Cam Fine, president and chief executive of the Independent Community Bankers of America. “One of the reasons many minority banks are struggling is that the local bank, the bank on the corner, is unable to extend credit because their balance sheets are clogged up because they can’t get loans off of their books into the secondary market. This initiative will unclog that market and get credit flowing down Main Street.”
As the flow of credit has dried up during this recession, many small business owners who acted prudently and responsibility have been affected by the reckless behavior of others in that they’ve had loan applications denied and lines of credits reduced or canceled. As a result, SBA guaranteed loans, which are usually about $20 billion a year, will likely be below $10 billion this year.
In addition to eight small business and community bankers, the elected officials in attendance were Landrieu; Sen. Olympia J. Snowe (R. Maine), ranking member of the Senate Small Business Committee; New York Rep. Nydia Velazquez, chair of the House Small Business Committee; and Missouri Rep. Sam Graves, ranking member of the House Small Business Committee.
Although his company is larger than the average minority business, Albert Fuller, chairman and CEO of Integrated Packaging Corp. (No. 30 on the BE Industrial/Service 100 list), says his company has been severely affected by the credit crunch. For the past two years, in fact, it has had to fund most of its capital projects using its own financing and internal cash sources. Integrated is in the process of expanding both of its plants, for which it is putting in about $10 million of capital. Fuller, who attended today’s White House conference, thinks the initiatives announced will remind bankers that lending is a high priority for the Obama administration and that it is watching.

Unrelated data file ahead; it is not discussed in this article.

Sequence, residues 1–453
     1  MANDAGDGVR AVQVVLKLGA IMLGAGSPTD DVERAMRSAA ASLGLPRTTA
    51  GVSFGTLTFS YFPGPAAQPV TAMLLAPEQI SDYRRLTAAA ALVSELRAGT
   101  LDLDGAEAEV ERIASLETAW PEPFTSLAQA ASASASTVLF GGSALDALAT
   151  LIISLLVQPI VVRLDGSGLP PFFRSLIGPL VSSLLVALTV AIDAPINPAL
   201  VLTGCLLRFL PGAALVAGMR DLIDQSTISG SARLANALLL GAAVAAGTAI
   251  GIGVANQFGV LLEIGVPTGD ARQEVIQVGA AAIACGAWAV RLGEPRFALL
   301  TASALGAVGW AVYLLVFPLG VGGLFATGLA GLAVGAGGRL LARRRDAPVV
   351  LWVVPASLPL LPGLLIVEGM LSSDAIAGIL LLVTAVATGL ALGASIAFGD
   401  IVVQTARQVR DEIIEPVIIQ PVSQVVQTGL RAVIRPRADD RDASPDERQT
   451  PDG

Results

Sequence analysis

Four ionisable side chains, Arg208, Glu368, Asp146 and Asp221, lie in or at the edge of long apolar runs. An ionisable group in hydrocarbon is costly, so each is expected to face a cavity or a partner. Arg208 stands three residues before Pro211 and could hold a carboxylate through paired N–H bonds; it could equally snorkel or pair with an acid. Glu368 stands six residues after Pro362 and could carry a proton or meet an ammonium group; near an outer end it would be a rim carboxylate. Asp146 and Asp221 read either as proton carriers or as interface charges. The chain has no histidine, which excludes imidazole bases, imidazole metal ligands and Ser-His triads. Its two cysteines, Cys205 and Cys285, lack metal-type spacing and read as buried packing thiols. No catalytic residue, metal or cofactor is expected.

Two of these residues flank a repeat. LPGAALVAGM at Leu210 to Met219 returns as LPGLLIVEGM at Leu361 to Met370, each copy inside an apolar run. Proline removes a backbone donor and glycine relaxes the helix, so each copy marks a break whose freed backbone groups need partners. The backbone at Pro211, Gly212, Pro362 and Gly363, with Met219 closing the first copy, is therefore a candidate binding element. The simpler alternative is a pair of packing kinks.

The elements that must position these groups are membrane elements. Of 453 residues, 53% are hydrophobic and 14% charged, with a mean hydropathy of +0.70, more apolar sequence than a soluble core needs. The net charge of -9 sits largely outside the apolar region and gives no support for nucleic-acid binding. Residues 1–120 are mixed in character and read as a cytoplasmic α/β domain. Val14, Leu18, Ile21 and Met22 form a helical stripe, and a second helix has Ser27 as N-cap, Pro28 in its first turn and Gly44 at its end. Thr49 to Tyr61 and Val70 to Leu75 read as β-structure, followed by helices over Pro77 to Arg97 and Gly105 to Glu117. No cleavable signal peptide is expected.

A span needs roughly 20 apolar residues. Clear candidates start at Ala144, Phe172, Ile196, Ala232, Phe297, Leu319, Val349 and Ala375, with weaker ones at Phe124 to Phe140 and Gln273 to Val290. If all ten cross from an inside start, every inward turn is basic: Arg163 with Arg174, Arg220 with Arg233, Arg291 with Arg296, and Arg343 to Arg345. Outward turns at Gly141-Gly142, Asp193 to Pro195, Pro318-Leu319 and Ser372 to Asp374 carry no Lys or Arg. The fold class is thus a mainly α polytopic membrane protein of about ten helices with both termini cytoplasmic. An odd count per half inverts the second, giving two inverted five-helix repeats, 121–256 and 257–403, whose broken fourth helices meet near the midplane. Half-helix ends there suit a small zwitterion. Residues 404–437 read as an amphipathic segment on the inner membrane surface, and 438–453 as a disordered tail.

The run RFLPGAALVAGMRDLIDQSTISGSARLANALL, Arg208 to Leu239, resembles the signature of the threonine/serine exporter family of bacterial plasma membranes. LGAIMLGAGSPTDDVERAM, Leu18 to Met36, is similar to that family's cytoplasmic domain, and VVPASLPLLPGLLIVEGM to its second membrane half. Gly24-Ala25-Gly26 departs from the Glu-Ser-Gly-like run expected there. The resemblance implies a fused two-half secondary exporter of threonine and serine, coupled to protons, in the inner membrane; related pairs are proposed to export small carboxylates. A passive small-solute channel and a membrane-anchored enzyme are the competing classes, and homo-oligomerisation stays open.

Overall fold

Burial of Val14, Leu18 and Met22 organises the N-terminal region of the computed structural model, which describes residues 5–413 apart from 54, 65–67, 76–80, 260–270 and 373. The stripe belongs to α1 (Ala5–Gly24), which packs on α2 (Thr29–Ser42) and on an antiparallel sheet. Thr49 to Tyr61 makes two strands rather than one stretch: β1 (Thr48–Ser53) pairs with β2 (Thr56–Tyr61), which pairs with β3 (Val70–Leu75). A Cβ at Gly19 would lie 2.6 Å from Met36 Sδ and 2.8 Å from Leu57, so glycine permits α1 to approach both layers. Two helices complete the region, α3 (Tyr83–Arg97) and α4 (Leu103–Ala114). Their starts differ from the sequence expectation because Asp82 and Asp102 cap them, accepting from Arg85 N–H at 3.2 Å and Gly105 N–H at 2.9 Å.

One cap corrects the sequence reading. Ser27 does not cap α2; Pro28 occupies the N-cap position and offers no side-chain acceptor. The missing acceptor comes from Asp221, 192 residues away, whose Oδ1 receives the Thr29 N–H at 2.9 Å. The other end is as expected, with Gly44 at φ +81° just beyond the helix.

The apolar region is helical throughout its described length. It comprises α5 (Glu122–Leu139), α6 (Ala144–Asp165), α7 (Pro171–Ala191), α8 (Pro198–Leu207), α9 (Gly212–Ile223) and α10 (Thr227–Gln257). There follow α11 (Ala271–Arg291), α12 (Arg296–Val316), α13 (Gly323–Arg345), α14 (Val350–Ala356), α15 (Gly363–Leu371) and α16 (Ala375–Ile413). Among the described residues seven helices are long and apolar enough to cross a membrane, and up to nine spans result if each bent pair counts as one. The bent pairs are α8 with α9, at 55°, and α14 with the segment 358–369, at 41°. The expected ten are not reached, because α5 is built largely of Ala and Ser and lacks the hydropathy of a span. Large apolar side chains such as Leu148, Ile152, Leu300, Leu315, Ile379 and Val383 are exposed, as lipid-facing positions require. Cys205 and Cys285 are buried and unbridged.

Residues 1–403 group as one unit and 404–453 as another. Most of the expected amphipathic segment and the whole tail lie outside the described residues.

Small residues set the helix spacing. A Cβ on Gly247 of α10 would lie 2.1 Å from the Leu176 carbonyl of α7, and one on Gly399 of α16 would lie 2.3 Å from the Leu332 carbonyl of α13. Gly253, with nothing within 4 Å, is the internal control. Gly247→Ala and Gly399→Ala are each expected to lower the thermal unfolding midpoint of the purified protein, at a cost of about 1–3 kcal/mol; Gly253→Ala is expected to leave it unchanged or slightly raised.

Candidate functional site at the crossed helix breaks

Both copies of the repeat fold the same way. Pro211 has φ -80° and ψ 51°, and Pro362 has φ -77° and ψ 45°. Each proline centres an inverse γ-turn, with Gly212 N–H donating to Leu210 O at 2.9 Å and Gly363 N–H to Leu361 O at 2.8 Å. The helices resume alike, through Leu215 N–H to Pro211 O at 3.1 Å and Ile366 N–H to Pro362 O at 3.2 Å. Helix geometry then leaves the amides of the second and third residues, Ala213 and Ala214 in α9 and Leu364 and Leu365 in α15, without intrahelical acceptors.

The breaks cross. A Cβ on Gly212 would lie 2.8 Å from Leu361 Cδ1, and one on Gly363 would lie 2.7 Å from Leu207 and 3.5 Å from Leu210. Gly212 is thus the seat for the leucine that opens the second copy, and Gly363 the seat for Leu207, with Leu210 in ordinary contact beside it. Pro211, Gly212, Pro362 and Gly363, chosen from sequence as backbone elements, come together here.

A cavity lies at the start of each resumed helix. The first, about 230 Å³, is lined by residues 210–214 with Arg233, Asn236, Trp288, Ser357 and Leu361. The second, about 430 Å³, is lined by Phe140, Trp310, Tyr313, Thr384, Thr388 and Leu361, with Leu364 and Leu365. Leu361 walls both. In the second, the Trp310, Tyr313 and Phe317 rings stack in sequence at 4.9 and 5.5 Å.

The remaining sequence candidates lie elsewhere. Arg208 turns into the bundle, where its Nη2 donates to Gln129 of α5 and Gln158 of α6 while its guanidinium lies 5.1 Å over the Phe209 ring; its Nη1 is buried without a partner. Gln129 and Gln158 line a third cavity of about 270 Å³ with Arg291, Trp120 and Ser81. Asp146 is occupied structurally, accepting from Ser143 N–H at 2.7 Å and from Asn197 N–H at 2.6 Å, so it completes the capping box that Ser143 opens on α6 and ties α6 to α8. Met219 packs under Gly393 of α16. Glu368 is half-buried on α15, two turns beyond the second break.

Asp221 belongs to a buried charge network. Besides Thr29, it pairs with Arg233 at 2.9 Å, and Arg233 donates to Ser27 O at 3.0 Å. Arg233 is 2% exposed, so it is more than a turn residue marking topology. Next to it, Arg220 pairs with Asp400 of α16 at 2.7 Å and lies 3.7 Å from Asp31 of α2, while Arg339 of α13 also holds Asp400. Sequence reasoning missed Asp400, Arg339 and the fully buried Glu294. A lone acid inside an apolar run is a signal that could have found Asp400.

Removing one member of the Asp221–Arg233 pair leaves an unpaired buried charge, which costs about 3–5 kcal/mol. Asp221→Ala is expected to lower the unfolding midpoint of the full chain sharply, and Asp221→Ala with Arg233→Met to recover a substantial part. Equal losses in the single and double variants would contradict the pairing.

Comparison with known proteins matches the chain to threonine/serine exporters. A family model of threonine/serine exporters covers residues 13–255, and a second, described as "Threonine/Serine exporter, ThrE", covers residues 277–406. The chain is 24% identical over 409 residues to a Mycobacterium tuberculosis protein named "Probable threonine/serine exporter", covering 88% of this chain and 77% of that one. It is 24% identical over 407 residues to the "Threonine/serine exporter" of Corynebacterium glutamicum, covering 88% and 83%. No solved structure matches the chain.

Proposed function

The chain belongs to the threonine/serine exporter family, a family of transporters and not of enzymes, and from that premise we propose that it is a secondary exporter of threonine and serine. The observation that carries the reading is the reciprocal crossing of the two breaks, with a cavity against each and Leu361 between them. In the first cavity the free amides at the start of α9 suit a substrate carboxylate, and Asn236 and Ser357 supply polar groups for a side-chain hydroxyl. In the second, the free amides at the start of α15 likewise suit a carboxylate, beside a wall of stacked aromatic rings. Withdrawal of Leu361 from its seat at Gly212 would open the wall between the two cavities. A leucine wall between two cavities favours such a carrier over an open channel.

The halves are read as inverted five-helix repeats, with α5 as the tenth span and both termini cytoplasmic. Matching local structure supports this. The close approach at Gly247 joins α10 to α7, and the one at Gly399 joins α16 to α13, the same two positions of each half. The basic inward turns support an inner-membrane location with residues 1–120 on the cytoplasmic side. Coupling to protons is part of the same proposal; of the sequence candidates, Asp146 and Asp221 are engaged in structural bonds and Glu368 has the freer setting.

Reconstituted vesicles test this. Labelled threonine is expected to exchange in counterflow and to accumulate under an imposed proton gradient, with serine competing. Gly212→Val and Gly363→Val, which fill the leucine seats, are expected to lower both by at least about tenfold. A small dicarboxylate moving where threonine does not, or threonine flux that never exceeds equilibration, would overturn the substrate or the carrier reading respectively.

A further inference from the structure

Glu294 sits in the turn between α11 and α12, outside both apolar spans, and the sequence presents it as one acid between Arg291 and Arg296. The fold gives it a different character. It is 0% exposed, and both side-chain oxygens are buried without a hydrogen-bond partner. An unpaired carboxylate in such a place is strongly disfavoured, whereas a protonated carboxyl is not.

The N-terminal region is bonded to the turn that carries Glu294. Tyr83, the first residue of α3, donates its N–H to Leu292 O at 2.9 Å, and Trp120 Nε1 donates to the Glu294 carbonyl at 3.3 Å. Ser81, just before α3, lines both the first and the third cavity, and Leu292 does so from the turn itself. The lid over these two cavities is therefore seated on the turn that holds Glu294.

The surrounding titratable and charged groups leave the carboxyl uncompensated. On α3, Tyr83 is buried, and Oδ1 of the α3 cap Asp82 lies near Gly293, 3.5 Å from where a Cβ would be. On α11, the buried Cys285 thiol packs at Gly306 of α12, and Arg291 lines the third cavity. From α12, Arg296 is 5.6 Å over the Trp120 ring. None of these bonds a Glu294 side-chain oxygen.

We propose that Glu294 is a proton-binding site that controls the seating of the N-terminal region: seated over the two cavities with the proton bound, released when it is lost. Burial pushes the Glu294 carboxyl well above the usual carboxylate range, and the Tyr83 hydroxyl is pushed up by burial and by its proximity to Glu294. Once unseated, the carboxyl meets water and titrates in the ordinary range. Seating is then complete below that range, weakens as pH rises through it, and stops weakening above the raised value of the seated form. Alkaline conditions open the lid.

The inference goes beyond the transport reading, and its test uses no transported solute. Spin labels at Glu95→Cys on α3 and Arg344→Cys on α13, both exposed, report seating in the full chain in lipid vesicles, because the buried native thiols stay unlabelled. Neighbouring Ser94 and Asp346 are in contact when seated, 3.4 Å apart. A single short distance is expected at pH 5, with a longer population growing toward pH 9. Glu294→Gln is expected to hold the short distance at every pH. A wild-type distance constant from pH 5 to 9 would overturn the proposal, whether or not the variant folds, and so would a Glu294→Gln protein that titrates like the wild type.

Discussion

“We’re outside of the SBA realm, but we are applying for loans from some of the larger banks that have received TARP money. This occasion and others like it will be very helpful in making those conversations more fruitful,” said Fuller.
Sterling Crockett, chairman and CEO of Sterling Construction Services Inc., in Baltimore, is one of the few lucky small business owners who hasn’t been hurt by the frozen credit market. Crockett, now in the last two years of the SBA’s 8(a) program, has previously used SBA loans and plans to in the future. He was particularly interested in the provision that eliminates capital gains taxes on private investment in small businesses. “That is very encouraging and helpful because we’re exploring all options; nothing’s off the table,” said Crockett, who also attended the White House event. He’s heartened by today’s news because it will help him expand both the company’s capacity and its reach, enabling him to be fully prepared for any American Recovery & Reinvestment Act of and other contracting opportunities that he hopes will soon come his way.
Joyce Jones contributed to this article.